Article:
Despite the fact that a decrease in platelet count during pregnancies is well documented, pregnancies in ET patients frequently end in early spontaneous abortions, during the first trimester . Their occurrence cannot be predicted from the disease course, platelet count, or a specific therapy. The use of aspirin did not improve pregnancy outcome in a study of 34 patients with ET by Tefferi and coworkers [7, 10]. In addition control of the platelet count alone should not be taken as an appropriate surrogate end point to judge the efficacy of a treatment for ET . In a randomized study comparing anagrelide vs. hydroxyurea therapy (plus low-dose aspirin in both groups) in ET , an excess of vascular events was found in the anagrelide group despite a reduction in the platelet count similar to that in the hydroxyurea group. If the platelet count decreases insufficiently in patients with ET despite pregnancy, interferon is considered the agent of choice, omitting the teratogenicity of cytoreductive agents [7, 27].
Our patient's history of previous early spontaneous abortion, IUGR and the presence of anticardiolipin antibodies suggest the possibility of an incomplete antiphospholipid antibody syndrome, which represent the most common acquired thrombophilia of pregnancy and has been associated with myocardial infarction [28, 29].
Antiphospholipid antibody syndromes may also be associated with autoimmune diseases such as systemic lupus erythematosus, which can cause pericarditis and myocarditis . In the present case, autoantibody screening for ANA was borderline and anti-dsDNA and anti-Histone antibody testing were negative. A nuclear magnetic resonance examination of the heart demonstrated a normal myocardium with no signs of inflammation.
Our patient had experienced a severe migraine attack which has also been found to be a risk factor for myocardial infarction during pregnancy . The possible underlying mechanism may be a generalized vasospasm that makes coronary arteries susceptible to spasms .
Despite the fact that ET-pregnancies carried to term are rarely complicated by thrombohemorrhagic events our patient had experienced recurrent postpartal ACS in the presence of essential thrombocytosis and elevated antio-cardiolipin IgM antibodies. Since patients with ET seems to have an increased prevalence of antiphospholipid antibodies which may be associated with thrombosis  it is not surprising that both episodes of ACS occurred after aspirin discontinuation. We can only speculate that the conjunction of primary etiological factors such as ET and the transiently elevated antiphospholipid antibody titer in the presence of several cardiovascular risk factors (advanced maternal age, hypertension, postpartal vascular changes, coronary plaque) and the lack of antiplatelet therapy finally contributed to recurrent myocardial ischemia.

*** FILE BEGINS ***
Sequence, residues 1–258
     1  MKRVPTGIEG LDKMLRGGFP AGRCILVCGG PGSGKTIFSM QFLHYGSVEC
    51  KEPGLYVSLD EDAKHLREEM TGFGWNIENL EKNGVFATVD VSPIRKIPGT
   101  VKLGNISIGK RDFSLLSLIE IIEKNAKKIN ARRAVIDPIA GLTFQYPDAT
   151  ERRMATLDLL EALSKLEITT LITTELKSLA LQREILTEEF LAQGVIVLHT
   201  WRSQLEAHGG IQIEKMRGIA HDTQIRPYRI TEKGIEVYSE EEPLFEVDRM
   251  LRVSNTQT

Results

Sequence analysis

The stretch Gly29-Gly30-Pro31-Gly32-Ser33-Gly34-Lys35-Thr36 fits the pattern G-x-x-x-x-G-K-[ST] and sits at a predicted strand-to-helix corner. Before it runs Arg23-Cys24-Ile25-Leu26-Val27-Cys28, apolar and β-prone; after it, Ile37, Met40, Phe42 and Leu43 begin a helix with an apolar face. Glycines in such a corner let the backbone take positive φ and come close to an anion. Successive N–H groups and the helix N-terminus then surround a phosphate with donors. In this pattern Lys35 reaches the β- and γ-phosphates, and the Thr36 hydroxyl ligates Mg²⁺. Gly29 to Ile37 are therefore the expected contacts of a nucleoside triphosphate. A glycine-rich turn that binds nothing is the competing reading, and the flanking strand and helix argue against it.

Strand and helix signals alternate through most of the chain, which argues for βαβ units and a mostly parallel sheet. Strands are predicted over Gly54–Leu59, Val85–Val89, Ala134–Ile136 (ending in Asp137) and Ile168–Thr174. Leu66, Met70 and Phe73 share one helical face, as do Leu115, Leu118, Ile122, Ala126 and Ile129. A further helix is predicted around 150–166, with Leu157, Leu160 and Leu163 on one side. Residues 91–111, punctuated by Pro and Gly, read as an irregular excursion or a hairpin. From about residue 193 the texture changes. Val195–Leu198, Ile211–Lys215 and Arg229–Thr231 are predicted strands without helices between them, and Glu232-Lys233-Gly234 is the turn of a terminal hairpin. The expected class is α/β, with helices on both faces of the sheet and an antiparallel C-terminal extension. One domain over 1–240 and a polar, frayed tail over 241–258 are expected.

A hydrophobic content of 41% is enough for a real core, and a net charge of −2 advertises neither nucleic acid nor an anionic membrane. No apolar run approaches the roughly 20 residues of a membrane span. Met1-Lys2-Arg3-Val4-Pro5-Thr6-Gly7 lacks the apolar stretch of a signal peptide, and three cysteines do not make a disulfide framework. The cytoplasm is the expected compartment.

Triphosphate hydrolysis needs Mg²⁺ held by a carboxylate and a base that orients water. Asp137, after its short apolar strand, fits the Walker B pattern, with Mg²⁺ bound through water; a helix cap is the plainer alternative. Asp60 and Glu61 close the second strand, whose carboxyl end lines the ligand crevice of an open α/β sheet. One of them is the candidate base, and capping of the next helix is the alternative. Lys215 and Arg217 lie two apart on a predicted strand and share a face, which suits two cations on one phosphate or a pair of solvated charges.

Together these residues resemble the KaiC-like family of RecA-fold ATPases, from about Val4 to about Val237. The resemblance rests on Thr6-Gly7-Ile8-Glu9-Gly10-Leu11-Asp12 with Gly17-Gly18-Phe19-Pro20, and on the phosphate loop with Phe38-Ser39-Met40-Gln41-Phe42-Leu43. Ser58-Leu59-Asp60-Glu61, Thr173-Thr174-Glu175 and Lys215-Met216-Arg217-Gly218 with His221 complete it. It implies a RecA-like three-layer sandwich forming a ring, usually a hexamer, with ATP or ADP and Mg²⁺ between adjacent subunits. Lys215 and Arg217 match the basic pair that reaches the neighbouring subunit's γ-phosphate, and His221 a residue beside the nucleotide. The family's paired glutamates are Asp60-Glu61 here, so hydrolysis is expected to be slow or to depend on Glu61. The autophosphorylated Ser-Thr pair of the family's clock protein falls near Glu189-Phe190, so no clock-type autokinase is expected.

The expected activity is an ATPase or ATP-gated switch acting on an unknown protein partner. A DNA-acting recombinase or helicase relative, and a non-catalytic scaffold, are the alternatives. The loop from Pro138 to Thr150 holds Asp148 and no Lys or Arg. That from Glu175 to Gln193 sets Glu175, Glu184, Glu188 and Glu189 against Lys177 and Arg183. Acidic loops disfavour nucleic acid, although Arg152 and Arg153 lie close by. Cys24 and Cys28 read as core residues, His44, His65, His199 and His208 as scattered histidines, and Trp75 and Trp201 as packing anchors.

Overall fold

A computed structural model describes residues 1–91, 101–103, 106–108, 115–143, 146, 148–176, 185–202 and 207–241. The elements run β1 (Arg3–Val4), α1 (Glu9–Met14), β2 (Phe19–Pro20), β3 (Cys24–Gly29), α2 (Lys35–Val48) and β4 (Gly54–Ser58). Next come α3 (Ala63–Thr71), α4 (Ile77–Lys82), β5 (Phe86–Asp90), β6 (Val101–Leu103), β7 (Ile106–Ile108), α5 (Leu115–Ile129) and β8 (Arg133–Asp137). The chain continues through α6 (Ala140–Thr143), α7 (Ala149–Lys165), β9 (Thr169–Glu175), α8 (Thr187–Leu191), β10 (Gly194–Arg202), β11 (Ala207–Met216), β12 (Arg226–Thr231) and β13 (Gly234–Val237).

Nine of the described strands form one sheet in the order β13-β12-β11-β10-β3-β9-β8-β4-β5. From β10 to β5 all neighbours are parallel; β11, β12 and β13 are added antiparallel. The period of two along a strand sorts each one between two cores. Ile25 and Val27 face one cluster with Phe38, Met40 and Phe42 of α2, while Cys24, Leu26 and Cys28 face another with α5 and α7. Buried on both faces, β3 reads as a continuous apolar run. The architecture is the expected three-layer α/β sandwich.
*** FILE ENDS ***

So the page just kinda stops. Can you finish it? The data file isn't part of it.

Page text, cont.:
There are several recommendations  that women whose pregnancies are characterized by fetal complications, such as unexplained fetal growth retardation and stillbirth, should be tested for genetic or acquired markers of thrombophilia as well as antiphospholipid antibodies and autoimmune disease. We propose that, with the continuing trend of childbearing at older ages, maternal complications like the ones described here should be added to the conditions requiring a similar work-up to allow for closer monitoring, or even prophylactic therapy during further pregnancies and beyond.
Written informed consent was obtained from the patient for publication of this case report and accompanying images. A copy of the written consent is available for review by the Editor-in-Chief of this journal.
Diagnostic approach of suspected acute myocardial infarction (AMI) in pregnant women
AMI typical clinical symptoms
Symptoms mimicking myocardial ischemia may also be present during healthy pregnancies
ST-segment depression may also be present due induction of anesthesia for cesarean section and may persist after elective cesarean section
Troponin I levels: is the most sensitive marker for AMI. The majority of healthy pregnant women remain below the upper limit of normal Troponin I levels after delivery.
Creatine kinase/CK-MB: can be significantly elevated up to 24 h after delivery in healthy pregnant women
Safe and accurate for evaluating wall-motion abnormalities
Submaximal protocol evaluation (70% of maximal predicted heart rate) with fetal monitoring for the diagnosis of myocardial ischemia or risk stratification following AMI
Radionuclide imaging and cardiac MRI
Both modalities may add further information with overall small or none fetal exposure to radiation
Possible increased risk of coronary dissection and great risk of fetal exposure to radiation
Both the cardiologist and obstetrician should establish the treatment plan
List of abbreviations
acute myocardial infarction
acute coranary syndrome
left anterior descending